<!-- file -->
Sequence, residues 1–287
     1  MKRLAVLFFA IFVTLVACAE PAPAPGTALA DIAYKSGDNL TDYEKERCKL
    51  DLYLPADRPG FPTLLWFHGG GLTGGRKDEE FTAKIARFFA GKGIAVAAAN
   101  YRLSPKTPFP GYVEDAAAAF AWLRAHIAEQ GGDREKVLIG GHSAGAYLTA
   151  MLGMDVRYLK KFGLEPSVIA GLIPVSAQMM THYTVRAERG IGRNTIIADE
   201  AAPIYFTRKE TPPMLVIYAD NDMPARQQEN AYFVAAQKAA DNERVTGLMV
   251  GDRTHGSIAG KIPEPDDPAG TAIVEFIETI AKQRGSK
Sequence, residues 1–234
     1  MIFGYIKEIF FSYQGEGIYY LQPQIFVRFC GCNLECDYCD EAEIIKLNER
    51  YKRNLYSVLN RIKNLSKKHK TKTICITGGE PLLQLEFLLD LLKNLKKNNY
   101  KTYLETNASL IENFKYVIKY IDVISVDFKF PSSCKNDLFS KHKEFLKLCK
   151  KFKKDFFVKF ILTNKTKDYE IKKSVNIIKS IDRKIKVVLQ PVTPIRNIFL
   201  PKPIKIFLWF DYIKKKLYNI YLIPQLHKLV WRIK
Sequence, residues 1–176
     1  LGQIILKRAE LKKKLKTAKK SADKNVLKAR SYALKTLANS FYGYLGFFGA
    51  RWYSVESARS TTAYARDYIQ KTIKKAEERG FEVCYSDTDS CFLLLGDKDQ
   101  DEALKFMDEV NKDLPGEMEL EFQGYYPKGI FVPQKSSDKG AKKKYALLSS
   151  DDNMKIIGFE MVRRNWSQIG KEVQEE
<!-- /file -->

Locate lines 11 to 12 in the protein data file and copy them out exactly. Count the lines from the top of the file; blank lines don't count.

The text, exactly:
   101  KTYLETNASL IENFKYVIKY IDVISVDFKF PSSCKNDLFS KHKEFLKLCK
   151  KFKKDFFVKF ILTNKTKDYE IKKSVNIIKS IDRKIKVVLQ PVTPIRNIFL